Why Ethereum’s low gas fees has a two-fold scenario going forward
No other blockchain network facilitated more transactions than Ethereum during the DeFi and Yield Farming craze. Everybody wanted to get involved with various DeFi protocols, and it led to enormous network congestion.
Transaction gas fees automatically rose and it has been one of the factors that many have discussed in the past few months. The issue of scaling has been repeatedly brought up, as other networks have since tried to solve the congestion dilemma.
However, at press time, Ethereum was seemingly affordable yet again.
Ethereum gas fees drop; so are active users coming back?
Now, according to recent data from Santiment, average gas fees on ETH’s network had dropped down to $2.19, which is the lowest amount since the beginning of December 2020. During a brief window in May, Ethereum users were paying exorbitant amounts of $65 on average, which highlighted the main issues with ETH’s current scaling solution.
The current drop in gas fees suggested that Ethereum’s utility can rise without much of a hurdle at press time, as users would be more open to using the network at current low gas fees. Fees will not come in the way of healthy token circulation, but does low gas fees ensure that Ethereum will be recording high levels of activity again?
The competition is not the same anymore
Change and Innovation are the constant factors in the crypto industry and over the past few months, it is fair to say that other networks have absorbed some of Ethereum’s traffic. Now, ETH’s current move to implement EIP-1559 will be with regards to a fixed fee and solving the gas fee issue but over the past couple of months, other L2 scaling solutions have legitimately grown in activity and stature.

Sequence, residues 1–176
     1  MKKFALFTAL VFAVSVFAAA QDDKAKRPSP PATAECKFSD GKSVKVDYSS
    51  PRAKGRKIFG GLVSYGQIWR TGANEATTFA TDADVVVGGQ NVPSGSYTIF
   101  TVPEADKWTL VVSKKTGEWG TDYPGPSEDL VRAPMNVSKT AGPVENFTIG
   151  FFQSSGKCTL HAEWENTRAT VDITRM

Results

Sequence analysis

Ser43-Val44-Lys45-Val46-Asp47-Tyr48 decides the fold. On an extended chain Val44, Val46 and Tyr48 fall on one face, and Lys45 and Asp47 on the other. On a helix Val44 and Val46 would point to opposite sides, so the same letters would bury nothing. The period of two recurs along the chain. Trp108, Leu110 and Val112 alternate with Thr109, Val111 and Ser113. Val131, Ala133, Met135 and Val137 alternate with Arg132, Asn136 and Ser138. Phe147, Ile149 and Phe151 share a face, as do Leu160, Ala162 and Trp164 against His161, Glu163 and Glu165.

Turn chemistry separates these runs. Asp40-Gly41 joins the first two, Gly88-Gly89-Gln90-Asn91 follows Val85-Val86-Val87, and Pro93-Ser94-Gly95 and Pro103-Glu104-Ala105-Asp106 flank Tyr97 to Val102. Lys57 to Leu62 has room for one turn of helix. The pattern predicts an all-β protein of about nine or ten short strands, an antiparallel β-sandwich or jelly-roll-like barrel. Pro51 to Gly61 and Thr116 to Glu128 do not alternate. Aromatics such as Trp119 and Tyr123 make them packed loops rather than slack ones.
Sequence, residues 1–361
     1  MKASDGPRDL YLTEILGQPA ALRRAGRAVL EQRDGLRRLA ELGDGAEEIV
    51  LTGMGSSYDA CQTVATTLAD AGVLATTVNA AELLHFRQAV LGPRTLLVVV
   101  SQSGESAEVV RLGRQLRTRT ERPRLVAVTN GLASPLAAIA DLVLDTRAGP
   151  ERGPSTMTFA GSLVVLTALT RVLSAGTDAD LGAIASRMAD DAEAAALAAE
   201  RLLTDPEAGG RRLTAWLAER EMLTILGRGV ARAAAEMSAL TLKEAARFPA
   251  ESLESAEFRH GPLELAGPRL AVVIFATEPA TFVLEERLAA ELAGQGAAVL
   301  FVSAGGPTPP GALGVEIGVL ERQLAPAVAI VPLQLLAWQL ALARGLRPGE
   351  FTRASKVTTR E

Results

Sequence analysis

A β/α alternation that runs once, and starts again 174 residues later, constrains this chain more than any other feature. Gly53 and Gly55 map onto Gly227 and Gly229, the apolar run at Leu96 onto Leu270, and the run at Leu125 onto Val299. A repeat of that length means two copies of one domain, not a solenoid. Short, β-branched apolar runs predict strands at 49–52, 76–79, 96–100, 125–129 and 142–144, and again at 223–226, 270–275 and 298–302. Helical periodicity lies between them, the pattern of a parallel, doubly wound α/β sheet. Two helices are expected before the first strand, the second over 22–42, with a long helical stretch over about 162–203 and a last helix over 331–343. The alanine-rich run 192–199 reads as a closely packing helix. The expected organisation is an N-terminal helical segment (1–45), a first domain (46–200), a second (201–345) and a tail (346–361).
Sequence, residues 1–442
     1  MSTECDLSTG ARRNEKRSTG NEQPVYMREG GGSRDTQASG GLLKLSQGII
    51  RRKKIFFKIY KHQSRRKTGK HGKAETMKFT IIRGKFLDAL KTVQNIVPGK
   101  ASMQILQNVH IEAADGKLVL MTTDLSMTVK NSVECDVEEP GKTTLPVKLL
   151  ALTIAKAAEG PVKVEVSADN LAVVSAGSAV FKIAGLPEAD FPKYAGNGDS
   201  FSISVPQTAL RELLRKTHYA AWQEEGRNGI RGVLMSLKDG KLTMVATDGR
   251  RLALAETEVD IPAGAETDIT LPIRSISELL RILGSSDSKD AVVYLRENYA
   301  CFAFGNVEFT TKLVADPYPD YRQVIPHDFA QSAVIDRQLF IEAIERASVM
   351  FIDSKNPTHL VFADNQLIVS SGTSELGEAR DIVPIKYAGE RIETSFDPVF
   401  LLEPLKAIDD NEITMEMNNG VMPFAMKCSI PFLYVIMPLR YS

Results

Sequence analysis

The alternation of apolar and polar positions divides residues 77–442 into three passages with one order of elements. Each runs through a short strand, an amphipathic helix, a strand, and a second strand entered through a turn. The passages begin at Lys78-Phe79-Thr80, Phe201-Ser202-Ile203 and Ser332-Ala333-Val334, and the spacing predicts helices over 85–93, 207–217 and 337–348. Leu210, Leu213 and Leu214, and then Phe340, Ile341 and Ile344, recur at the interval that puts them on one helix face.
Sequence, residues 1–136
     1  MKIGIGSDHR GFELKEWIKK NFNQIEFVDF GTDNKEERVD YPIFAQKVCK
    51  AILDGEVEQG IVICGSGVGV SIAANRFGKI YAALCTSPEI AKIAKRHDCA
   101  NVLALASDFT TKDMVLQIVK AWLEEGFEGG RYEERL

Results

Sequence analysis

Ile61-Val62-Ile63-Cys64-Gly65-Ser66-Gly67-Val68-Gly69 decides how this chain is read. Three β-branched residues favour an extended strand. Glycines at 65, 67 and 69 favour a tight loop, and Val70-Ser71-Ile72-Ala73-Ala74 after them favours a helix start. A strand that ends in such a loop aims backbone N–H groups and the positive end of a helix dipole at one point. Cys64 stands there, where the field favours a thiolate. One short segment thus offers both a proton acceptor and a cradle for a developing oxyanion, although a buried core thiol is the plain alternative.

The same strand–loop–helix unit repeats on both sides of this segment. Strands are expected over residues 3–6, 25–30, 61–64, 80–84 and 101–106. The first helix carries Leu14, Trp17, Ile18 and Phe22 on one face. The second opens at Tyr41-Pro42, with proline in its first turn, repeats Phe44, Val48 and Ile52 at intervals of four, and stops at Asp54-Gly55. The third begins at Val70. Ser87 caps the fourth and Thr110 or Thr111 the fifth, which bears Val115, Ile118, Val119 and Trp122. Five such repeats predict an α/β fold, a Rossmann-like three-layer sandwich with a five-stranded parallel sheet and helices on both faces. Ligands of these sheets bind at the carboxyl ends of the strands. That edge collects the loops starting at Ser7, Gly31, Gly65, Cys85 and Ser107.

Data suggested that over the course of Q2 2021, Polygon surpassed Ethereum with 73,000 daily unique active wallets, and its growth percentage was more than ~13,000% over the past year. Matic also registered $4 billion USD in Total Valued Locked or TVL during the previous quarter.
No, while users were slowly appreciating the cheaper alternative with Polygon’s L2 solutions, PancakeSwap was driving Binance Smart Chain’s DeFi space with 2.13 million unique wallets in June 2021. The TVL increased by a whopping 32.8% from Q1 to Q2.
These figures indicate a common notion; users might not migrate back to Ethereum just because transaction fees are lower again.
How does it impact Ethereum’s price in the next rally?
Ethereum’s value definitely saw a positive impact irrespective of its higher transaction fees during the bull run. In terms of volatility performance, it remained ahead of Bitcoin but in the coming rally, it might not be able to cater towards the same kind of activity.
Transfer volumes facilitated by Ethereum have significantly dropped down since the May crash, and only time will tell if its reduced gas fees would be enough to bring a high level of activity back in its ecosystem.